• Tethered goats are often thin, even when it seems to you and me that there is plenty of pasture on offer.  Roadside pasture is often dusty, oily and rank, so it's unpalatable to them.
  • They need water and that can be hard to provide because water containers are likely to be knocked over. You can be fined if you don’t provide water to a tethered goat.
  • They are often inadequately sheltered from wind, rain and sun.  They must be given a shelter to protect them, but often any shelter provided is inadequate or very dirty. helters must be dry, and protect goats from the sun and rain, and from the extremes of heat and cold. You can be fined if you don’t provide this sort of shelter for your tethered goat.
  • Take care in selecting and sizing your goat’s collar. It should be the right size and fit for your goat, and allow for normal breathing, panting and drinking. It should not be so tight or heavy to cause abrasion, cuts or swelling, and not so loose that it can cause an injury. You can be fined if you have a tethered goat with a poorly fitted collar that causes these sorts of problems for your goat.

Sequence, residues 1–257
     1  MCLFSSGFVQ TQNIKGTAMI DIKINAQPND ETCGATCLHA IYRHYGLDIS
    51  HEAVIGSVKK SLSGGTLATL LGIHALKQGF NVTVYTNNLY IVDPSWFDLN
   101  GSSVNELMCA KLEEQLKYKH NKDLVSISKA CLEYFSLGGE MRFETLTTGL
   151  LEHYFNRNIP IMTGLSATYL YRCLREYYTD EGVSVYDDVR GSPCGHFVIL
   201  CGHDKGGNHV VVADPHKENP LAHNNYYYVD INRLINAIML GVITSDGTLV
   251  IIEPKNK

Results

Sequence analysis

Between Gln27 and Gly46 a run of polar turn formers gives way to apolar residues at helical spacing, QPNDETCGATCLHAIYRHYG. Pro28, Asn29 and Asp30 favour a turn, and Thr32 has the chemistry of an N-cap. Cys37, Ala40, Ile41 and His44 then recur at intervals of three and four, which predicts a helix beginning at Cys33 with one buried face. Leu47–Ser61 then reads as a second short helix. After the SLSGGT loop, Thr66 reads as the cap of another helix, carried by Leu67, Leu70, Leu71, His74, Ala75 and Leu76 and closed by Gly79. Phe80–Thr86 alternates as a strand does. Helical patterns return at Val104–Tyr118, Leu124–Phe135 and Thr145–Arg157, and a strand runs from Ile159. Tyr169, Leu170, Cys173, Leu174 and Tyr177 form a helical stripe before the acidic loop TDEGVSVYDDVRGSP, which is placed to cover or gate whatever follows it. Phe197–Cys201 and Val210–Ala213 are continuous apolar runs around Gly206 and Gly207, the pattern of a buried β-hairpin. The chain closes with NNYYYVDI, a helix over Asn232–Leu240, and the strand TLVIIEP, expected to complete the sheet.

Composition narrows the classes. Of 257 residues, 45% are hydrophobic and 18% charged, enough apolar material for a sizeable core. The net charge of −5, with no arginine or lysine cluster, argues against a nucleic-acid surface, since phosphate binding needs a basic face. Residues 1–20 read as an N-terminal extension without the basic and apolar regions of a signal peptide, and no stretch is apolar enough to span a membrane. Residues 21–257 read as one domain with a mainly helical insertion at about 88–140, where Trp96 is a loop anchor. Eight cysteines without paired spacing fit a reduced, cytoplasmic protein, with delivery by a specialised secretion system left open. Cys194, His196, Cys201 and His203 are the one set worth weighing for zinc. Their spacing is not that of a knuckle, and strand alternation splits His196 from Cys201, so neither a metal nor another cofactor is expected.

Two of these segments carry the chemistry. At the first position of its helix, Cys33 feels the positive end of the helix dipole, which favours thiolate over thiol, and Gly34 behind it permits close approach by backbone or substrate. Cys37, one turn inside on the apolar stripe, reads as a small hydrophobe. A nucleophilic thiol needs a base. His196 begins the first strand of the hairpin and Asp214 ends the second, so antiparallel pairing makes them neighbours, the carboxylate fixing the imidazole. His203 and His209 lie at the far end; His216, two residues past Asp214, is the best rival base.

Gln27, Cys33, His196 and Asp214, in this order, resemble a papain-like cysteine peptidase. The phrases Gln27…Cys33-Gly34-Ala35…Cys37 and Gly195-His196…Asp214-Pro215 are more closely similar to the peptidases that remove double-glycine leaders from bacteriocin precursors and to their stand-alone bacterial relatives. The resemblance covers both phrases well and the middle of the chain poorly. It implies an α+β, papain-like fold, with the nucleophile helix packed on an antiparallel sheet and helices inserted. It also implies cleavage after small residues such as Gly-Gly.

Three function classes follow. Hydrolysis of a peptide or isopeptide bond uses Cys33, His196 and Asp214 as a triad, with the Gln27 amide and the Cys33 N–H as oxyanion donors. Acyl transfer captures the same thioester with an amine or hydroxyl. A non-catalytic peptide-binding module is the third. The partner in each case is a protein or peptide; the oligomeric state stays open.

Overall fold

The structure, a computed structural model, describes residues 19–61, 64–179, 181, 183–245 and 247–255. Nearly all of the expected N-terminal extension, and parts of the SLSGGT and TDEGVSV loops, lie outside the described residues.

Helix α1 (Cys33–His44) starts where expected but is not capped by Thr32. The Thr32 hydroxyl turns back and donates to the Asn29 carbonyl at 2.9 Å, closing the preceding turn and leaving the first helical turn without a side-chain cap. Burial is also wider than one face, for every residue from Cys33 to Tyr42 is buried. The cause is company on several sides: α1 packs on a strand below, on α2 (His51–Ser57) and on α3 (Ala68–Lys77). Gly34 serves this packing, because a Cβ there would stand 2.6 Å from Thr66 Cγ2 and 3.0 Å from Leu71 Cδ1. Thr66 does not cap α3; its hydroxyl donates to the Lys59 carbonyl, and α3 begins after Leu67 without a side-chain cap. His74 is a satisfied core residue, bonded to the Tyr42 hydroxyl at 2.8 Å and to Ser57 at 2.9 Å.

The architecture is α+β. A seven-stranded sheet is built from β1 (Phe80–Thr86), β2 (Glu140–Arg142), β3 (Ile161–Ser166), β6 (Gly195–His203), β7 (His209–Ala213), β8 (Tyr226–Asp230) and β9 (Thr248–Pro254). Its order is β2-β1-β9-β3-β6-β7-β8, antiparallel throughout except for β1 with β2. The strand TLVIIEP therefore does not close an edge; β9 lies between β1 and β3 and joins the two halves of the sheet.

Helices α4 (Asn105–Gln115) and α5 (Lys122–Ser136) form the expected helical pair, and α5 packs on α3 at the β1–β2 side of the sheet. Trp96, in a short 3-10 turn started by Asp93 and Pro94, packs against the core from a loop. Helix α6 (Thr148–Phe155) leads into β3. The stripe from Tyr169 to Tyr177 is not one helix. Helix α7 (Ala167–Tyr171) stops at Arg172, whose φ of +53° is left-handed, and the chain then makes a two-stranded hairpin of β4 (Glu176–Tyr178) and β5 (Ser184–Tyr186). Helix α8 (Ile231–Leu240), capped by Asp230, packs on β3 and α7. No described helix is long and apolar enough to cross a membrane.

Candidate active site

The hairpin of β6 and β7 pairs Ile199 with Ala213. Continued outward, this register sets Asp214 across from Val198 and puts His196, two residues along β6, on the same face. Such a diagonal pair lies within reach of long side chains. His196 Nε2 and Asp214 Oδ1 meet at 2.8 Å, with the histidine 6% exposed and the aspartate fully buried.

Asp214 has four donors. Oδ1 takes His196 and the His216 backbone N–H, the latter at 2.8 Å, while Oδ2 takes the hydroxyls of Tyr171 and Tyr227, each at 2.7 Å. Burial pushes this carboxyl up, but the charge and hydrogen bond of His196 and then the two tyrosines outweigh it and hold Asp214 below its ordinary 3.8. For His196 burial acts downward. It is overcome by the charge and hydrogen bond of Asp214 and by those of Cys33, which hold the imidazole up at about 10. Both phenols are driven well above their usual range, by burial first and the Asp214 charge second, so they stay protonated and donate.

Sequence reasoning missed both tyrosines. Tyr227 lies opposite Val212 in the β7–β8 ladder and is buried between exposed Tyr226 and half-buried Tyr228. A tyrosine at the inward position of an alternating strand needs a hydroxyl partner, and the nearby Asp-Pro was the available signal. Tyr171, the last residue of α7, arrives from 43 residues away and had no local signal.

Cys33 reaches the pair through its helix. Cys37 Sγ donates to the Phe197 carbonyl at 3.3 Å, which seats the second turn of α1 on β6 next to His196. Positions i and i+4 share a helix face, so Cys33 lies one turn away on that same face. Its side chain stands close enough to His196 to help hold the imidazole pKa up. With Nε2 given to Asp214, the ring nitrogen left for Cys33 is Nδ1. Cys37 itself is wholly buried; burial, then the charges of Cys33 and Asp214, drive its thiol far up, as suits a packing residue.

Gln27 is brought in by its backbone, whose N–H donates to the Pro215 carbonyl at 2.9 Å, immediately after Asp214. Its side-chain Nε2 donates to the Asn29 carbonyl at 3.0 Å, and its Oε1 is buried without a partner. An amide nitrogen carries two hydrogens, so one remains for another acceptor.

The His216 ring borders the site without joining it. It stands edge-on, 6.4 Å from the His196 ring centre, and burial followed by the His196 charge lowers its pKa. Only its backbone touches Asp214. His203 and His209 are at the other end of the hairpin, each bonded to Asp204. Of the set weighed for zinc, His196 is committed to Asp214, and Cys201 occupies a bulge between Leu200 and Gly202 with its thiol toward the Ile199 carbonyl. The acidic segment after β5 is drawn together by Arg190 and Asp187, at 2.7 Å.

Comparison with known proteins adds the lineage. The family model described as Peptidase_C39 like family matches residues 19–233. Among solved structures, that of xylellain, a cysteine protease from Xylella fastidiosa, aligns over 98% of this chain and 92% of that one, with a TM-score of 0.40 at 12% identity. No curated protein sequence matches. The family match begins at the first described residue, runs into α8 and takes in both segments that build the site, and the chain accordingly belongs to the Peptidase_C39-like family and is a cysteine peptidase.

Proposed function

• Take care in how you tether your goat, to ensure that the tether is an appropriate length and material that allows for normal breathing, panting and drinking, and to ensure they don’t get caught up. You can be fined if your tether causes these sorts of problems for your goat.
  • On top of all that, tethered goats are vulnerable - they can be hit by vehicles, attacked by dogs or vandals, strangled by their tether, and sometimes they are stolen.

If a goat is to be tethered, it should be very tame, preferably hand-reared, and it should be given a lot of attention.  All in all, it's far better for owner and goat alike if it is given the run of a paddock like the rest of the livestock.

Animal health programme

There are a few routine procedures that will help prevent disease problems, and it pays to keep a calendar to remind you what needs to be done and to make a note of what is done and when.  There is no one programme to suit all farms, but you could use the following comments to help you devise a programme of your own.